cloth diaper your baby can be a challenge. It seems as though everyone is telling you something different, and just when you have it figured out, problems arise that make you feel as though you’re back at square one. The diaper that has fit perfectly for three months suddenly no longer works for your child. The wash routine that has worked since you started cloth diapering is failing you miserably. And the poop after you start solids…well, let’s not get started on that. You’ve turned to your trusty cloth diapering boards for advice, but you’re getting a huge amount of advice that is contradictory and frankly doesn’t make sense! Who are you supposed to trust?
Luckily, some truths are universal.
The diaper that works best for your baby may not be the diaper that works best for someone else’s baby. Neither will the diaper that works best for their baby automatically be a perfect fit for yours. It’s kind of like blue jeans. You know that absolutely perfect pair of jeans that looks amazingly awesome on you? You know how it doesn’t look the same on your best friend? Yeah. Diapers are like that, too. Different tiny bums are shaped differently, just like bigger bums. Girls and boys have different plumbing and therefore leak out of different places in the diapers. Force of poop expulsion, force of pee, and quantity can all be different depending on the baby. Don’t despair, though—just like the elusive pair of jeans that will make your post-baby body look just like it did when you were in college, the perfect diaper is out there!
Diapers need soap. Not chemicals, not to be beaten with a stick, soap. There are some fascinating reads out there that suggest putting some…interesting…concoctions onto your diapers.
I know so-and-so put Cascade on her diapers, and it turned them white as can be and they made her son’s poop smell lemony fresh for weeks. That doesn’t make it a good idea. It voids warranties (which seem unimportant right up until you have a snap come off, or a delaminated diaper, and suddenly, you don’t want to be out the money to replace it), leaves residue on the diaper that you probably don’t want on your baby’s bum, and probably doesn’t help much with the issues you were experiencing.
If your diapers stink, add detergent. Preferably a detergent that is considered an “acceptable” brand by your diaper company of choice, but hey, if Tide works for you, Roll Tide! (Oh, wait, that’s a sports team.) Just realize that it may void that pesky warranty. On the other hand, if your tiny fluffy princess’s bum breaks out at the mere mention of any detergent but the one you’ve been using since birth…warranty, shmarranty. Sometimes, you have to do what works for you. If they still stink, try bleach. Also, try sun. (That’s that big yellow ball that’s been teasing us for months. I have it on good authority that someday, it will come back out….maybe even by the time this post is published!) Have stains? Try sun.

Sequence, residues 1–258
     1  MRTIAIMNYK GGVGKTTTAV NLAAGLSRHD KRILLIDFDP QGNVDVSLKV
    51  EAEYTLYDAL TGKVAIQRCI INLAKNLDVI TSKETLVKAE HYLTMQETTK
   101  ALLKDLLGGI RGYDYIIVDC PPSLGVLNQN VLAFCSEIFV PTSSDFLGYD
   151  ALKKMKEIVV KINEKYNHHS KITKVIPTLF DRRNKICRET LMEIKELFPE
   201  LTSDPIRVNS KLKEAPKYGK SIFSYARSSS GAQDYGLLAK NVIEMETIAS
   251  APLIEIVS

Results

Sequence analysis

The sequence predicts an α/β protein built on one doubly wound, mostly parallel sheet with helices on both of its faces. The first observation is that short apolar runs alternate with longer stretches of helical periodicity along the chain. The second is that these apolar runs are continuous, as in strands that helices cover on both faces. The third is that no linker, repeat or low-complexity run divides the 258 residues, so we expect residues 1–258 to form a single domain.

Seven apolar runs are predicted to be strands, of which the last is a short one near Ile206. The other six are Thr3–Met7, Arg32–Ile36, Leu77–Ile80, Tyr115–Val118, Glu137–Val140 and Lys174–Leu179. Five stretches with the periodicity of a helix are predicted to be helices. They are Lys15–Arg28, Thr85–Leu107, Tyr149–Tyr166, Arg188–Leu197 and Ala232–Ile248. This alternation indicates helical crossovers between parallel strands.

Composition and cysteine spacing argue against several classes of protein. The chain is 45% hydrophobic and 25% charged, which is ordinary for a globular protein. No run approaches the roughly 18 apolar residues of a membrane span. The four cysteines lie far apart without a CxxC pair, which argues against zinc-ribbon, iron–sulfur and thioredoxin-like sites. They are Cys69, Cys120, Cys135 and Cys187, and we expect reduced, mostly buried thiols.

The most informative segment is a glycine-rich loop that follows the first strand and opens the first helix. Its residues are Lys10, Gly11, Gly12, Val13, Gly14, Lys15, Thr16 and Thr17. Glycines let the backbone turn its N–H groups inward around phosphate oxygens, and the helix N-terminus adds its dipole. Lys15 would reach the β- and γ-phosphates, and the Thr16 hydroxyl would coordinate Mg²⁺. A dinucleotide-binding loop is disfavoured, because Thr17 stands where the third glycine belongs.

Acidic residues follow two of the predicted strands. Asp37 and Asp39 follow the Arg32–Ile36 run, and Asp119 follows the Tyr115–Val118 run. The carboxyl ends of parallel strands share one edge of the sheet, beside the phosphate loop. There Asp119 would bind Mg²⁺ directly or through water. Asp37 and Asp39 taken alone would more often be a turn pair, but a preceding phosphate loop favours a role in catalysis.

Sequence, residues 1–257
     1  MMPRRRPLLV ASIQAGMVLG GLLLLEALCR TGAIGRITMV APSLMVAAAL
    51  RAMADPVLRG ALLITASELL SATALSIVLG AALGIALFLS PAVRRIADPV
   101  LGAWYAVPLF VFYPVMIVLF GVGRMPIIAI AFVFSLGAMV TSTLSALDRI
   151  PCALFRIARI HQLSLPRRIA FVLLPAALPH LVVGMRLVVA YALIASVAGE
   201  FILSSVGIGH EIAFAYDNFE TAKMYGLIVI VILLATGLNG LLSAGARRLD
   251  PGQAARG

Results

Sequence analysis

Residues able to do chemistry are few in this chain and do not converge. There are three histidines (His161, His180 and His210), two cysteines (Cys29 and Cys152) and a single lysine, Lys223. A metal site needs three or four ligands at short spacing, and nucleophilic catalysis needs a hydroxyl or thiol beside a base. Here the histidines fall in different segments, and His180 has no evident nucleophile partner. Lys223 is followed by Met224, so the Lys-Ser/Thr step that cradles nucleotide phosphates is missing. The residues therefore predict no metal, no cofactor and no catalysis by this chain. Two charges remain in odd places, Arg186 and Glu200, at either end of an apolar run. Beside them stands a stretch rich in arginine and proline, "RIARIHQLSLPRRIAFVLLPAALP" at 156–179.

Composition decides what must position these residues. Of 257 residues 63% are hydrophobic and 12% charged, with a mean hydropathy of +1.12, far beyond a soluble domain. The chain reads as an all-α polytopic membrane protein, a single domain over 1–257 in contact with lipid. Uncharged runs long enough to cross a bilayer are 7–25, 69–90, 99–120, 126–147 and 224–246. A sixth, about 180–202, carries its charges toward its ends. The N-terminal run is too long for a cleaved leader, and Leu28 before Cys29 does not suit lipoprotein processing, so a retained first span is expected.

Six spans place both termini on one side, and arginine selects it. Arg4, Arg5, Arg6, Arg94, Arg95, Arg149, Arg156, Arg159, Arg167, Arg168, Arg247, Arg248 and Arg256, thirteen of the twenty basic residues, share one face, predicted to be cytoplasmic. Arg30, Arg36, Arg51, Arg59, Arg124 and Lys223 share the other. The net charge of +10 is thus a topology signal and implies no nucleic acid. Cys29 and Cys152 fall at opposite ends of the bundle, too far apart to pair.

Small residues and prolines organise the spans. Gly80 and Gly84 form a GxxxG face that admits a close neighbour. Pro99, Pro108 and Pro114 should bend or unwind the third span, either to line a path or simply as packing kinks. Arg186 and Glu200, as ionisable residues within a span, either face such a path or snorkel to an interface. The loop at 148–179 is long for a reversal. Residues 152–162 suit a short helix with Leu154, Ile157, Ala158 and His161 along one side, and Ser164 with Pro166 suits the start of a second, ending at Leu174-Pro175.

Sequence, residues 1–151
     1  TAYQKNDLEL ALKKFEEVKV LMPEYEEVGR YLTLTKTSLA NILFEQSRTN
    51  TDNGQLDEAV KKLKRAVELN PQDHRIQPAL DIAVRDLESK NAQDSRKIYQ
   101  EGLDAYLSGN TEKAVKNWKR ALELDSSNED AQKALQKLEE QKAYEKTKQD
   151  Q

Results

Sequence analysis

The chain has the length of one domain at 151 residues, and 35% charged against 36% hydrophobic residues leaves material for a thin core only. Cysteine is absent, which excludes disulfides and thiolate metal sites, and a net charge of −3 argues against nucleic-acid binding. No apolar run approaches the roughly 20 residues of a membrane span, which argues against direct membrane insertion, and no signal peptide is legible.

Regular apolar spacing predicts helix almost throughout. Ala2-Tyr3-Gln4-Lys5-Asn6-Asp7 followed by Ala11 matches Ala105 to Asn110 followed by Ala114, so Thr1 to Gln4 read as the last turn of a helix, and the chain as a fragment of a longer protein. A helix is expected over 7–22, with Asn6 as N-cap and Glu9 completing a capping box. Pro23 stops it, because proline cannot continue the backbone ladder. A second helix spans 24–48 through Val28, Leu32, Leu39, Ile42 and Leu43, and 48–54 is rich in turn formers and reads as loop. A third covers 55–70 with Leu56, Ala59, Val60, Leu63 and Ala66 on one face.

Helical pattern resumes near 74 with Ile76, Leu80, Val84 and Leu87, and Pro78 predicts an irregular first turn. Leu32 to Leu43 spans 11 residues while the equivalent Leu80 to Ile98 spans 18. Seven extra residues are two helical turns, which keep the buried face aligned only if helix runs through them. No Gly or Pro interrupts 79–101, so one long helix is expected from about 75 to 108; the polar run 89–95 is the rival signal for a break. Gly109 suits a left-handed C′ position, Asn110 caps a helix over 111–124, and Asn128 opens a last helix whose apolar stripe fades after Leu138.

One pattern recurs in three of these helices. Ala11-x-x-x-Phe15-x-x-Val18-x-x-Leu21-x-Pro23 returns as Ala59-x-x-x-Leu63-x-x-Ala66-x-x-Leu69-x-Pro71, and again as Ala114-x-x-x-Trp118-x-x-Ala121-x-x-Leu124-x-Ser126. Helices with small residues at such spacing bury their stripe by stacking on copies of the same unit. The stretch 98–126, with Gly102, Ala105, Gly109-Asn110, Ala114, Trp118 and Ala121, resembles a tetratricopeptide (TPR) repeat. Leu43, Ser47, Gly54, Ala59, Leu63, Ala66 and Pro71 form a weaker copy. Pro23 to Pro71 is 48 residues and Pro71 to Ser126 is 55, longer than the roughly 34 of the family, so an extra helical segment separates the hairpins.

Repelling is not a myth. Diapers are made of cloth. The cloth is what sucks up the liquid (in this case, pee). If something interferes with that (fabric softener, not-cloth-safe rash cream), the cloth no longer sucks up liquid sufficiently well. Therefore, sometimes, repelling does happen. Rinse your diapers really well. Wash them. Sun them. See if they’re still repelling. If so, a little bit of Dawn dish soap (which should never, ever be put directly in your washer…that silly warranty thing yet again) and a toothbrush applied to rash cream stains goes a long way. If that doesn’t solve the problem, rinse, rinse, rinse and try again. It could be a case of fabric softener or some other detergent built up in your diapers. If they smell like soap out of the washer, there’s probably still soap in them—rinse one more time just for good measure.
Your wash routine shouldn’t read like an itinerary for a trip. They’re diapers, not your great-grandma’s handmade quilt. Prewash, wash, rinse, dry (either by hanging or by dryer, depending on your brand and personal preferences). Place back on baby. Diaper laundry shouldn’t be an all-day affair! It’s a little more complicated than other laundry might be because you want it to be as sanitary as possible, but it’s not rocket science, either. It’s also harder to “ruin” diapers than you think it is. If you’re having trouble, contact the customer service team for your favorite diaper company. They’d probably be delighted to give you a helping hand.
They’re not as hard as you fear. Once you find a routine that works for you—and you will find a working routine!—cloth diapering becomes just as natural as disposable diapering your baby. Sure, it’s a little bit of work sometimes (so is sending your husband to the store at two in the morning because Little Precious developed diarrhea from the new food she ate, and that box that you thought would last ‘til tomorrow…won’t). Sure, there will be times when you wonder if it’s really worth it. But once you get the routine down, it’s no harder than any other aspect of life with a new baby—and there are all sorts of benefits that you’ll appreciate. Plus, who doesn’t love watching a little fluffy bum crawling around?
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